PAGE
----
"There will not be another foot of wall constructed in my administration," candidate Joe Biden told NPR in August 2020. Referring to the private property that former President Donald Trump's Justice Department was trying to seize for a wall along the U.S.-Mexico border, Biden said, "End, end, end, stop, done, over. Not gonna do it. Withdraw the lawsuits. We're out."
Those lawsuits, it turns out, were not withdrawn. In April, a federal judge ruled that a Texas family will have to surrender land for the border wall.
"We are utterly devastated," says Baudilia Cavazos, whose family owns land in Hidalgo County, Texas. "We thought President Joe Biden would protect us. Now we've lost our land. We don't even know what comes next."
The Cavazos clan has fended off similar attempts at confiscation for years. When Trump took office, he sought to claim about seven acres and divide the family's land—which they rent to various tenants—in two, rendering a huge chunk of the property nearly inaccessible to prospective customers.
"I retired five years ago—I taught for 40 years," Eloisa Cavazos told Reason in 2018. "This is my income that I use for my retirement." She may have to find a new source of income.
Had the president wanted to, his administration could have stopped the ruling. On his first day in office, Biden issued a proclamation pausing border wall construction for 60 days to determine whether any land needed to be confiscated. Those 60 days came and went without a decision.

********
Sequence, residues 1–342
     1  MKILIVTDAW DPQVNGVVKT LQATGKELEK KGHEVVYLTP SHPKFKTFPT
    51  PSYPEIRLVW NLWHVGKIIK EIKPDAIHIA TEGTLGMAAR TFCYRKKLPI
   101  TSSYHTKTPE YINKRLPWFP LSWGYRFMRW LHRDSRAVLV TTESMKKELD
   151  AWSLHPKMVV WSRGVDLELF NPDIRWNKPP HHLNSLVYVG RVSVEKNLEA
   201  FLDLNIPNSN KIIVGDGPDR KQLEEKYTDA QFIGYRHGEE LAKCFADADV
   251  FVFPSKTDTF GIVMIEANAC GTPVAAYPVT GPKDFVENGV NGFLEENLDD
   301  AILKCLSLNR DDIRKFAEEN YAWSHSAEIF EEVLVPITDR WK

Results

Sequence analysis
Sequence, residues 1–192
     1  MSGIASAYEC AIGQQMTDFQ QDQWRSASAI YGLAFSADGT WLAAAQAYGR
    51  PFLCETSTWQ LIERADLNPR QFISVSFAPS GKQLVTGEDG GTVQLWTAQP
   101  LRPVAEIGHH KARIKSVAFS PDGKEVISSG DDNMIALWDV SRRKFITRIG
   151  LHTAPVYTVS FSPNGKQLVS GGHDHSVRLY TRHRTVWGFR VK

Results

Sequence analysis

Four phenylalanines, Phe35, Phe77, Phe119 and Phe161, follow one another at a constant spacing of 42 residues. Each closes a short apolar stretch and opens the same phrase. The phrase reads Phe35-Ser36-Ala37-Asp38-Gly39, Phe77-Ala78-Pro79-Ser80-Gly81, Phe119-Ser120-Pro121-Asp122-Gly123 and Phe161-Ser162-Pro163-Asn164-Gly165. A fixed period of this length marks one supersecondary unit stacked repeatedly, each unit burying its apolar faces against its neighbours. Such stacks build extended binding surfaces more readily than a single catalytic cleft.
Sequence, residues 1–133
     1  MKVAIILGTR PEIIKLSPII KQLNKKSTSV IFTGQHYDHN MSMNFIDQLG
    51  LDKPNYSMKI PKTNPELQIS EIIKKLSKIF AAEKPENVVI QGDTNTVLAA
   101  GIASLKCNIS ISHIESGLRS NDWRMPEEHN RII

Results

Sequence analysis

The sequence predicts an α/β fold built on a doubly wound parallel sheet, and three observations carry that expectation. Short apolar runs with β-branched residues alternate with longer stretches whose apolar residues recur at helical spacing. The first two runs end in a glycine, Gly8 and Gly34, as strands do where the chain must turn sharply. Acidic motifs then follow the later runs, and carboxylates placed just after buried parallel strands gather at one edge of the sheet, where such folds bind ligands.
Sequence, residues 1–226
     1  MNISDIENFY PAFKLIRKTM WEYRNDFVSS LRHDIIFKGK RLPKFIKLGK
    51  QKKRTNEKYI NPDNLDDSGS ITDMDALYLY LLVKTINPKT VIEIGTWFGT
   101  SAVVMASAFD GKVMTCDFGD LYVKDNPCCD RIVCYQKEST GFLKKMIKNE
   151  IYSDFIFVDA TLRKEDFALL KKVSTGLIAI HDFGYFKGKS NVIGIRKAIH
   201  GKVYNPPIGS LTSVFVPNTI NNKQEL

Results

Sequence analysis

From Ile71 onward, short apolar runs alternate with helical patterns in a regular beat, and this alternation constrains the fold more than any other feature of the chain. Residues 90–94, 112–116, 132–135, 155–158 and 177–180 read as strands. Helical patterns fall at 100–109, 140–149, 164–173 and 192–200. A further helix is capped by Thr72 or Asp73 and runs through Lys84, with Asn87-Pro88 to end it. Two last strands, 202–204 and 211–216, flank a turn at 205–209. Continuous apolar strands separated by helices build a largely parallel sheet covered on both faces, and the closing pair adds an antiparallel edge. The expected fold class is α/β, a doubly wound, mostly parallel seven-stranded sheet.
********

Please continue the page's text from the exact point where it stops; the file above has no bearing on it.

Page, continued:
The seizure marks another promise broken by Biden and Vice President Kamala Harris, both of whom cast themselves as foils to Trump's merciless immigration policies. Their administration is also defending Immigration and Customs Enforcement after the agency set up a fake college, charged immigrant students thousands of dollars, and then deported them without refunds.
The land owned by Eloisa and Ray Cavazos, along with their cousin Rey Anzaldua, has dwindled over the years. Descendants of Spanish settlers, the family began with 18,000 acres. "Now we probably have no more than 150 acres," Anzaldua says. "That's a lot of land to lose."
The parcel will soon be smaller still. "We're liable to lose about 10 acres, three barns, and two houses," Anzaldua says. When his cousins asked for help fighting the seizure, Anzaldua told them, "Yes. I've got ties to this land just like you do. This is our grandmother's land."
Despite Biden's promises to the contrary, it is now the government's land.